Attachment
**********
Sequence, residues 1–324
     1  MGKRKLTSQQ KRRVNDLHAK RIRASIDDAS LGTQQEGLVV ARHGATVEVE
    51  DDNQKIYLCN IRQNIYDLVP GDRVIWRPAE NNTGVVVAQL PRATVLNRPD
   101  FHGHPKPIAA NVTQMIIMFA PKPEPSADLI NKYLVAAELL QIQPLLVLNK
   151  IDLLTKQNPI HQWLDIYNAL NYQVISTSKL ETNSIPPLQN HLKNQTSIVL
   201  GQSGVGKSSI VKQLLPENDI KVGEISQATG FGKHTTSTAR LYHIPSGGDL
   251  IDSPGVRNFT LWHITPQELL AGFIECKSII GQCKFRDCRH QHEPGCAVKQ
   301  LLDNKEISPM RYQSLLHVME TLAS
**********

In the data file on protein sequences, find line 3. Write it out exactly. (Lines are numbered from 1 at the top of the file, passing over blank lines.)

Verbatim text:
    51  DDNQKIYLCN IRQNIYDLVP GDRVIWRPAE NNTGVVVAQL PRATVLNRPD